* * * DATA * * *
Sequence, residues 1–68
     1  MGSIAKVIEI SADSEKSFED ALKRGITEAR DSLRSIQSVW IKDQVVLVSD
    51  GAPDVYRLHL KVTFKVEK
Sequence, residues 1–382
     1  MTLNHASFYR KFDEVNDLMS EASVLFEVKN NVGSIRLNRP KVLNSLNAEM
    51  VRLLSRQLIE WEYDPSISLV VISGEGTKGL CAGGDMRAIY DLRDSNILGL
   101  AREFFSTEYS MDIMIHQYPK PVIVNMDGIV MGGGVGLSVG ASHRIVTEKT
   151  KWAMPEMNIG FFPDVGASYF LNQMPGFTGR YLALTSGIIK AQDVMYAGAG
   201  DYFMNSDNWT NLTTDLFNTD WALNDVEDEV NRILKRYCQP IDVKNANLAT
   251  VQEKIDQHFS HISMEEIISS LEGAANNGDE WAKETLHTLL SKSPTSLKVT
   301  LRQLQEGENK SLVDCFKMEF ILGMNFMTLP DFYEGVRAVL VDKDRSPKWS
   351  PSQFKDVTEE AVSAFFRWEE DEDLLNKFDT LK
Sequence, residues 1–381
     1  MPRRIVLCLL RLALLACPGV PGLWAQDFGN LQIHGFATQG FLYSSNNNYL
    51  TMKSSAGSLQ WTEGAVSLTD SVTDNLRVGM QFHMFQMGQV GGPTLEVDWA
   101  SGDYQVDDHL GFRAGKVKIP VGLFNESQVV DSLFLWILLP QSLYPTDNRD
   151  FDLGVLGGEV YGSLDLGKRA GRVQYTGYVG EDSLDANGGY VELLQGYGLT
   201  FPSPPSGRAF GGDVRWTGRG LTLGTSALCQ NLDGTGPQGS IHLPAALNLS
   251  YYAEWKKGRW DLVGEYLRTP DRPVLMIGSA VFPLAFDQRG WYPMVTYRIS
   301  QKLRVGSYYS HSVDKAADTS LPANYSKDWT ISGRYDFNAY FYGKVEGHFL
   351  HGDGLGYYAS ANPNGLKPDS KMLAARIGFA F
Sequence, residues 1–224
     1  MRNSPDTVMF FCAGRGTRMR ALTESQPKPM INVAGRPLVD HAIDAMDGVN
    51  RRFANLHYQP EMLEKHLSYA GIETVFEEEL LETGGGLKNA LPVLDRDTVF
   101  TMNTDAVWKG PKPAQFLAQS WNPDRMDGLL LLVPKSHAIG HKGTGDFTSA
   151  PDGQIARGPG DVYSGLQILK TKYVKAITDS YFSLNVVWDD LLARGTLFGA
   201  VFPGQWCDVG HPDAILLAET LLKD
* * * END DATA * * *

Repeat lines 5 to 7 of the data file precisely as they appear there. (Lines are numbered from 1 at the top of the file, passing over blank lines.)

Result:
     1  MTLNHASFYR KFDEVNDLMS EASVLFEVKN NVGSIRLNRP KVLNSLNAEM
    51  VRLLSRQLIE WEYDPSISLV VISGEGTKGL CAGGDMRAIY DLRDSNILGL
   101  AREFFSTEYS MDIMIHQYPK PVIVNMDGIV MGGGVGLSVG ASHRIVTEKT